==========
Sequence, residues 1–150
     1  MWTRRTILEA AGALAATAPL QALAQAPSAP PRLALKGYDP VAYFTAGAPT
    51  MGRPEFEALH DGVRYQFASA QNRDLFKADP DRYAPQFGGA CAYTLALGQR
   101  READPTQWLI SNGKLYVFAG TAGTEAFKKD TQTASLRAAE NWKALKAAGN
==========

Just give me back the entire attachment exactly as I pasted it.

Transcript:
Sequence, residues 1–150
     1  MWTRRTILEA AGALAATAPL QALAQAPSAP PRLALKGYDP VAYFTAGAPT
    51  MGRPEFEALH DGVRYQFASA QNRDLFKADP DRYAPQFGGA CAYTLALGQR
   101  READPTQWLI SNGKLYVFAG TAGTEAFKKD TQTASLRAAE NWKALKAAGN